Early this morning, Hurricane Laura made landfall in Louisiana as a Category 4 hurricane, making it stronger than Hurricane Katrina (indeed the strongest to hit Louisiana since 1856), and setting a new record for hurricanes making U.S. landfalls by the end of August. In addition to billions of dollars in damage, the storm forced the evacuation of the nation’s B-52 bomber fleet, caused a chemical plant explosion, and resulted in the mobilization of both the Louisiana and Texas National Guards.
Meanwhile, more than 650 wildfires, many sparked by lightning, have burned more than 1.25 million acres in California – just in the last 10 days. These fires caused the evacuation of Travis Air Force Base, the activation of fire-fighting aircraft from numerous Air National Guards, and the displacement of more than 120,000 people from their homes. The fire season in California is 50 days longer than it was in 1979, and 40 percent more area is burned today than would if conditions remained stable since the 1980s.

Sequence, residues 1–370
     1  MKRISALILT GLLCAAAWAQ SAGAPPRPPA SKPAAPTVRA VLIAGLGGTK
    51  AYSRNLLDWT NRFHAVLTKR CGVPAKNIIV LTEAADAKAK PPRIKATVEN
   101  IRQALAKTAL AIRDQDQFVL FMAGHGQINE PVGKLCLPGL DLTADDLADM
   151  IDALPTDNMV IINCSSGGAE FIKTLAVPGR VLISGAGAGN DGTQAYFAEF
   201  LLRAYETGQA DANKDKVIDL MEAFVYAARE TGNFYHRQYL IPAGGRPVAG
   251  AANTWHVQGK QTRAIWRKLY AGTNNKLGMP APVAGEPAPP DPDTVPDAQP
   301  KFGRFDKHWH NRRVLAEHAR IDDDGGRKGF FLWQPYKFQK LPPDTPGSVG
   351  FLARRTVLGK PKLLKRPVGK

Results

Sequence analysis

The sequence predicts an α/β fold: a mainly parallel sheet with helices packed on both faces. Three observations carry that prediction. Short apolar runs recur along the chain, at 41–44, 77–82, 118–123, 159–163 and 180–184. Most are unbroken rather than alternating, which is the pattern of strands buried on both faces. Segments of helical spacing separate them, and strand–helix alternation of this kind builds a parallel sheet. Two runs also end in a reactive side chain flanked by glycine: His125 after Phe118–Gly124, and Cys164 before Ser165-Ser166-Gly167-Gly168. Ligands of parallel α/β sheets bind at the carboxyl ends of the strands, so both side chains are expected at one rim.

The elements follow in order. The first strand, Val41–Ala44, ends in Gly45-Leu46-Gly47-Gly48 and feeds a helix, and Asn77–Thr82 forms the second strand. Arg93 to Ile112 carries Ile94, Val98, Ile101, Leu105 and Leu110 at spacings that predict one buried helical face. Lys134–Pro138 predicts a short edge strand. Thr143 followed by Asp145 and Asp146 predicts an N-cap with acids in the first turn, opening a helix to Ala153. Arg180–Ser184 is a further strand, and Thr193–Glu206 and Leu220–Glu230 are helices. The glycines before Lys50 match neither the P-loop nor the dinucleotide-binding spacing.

Not to mention 183,000 people have died in the United States alone from the coronavirus, a harbinger of a “new pandemic era,” that is made worse by changing climates and the destruction of ecosystems.
And this isn’t just an American problem. Earlier this year, the entire continent of Australia was on fire. The Syrian civil war was exacerbated by (if not instigated by) a punishing draught in 2011, Somalia and Kenya are engaged in continuing conflicts over natural resources made scarce by rising temperatures, rising seas are creating a refugee crisis in Southeast Asia, and melting sea ice has opened new shipping lanes and heightening tensions between world powers.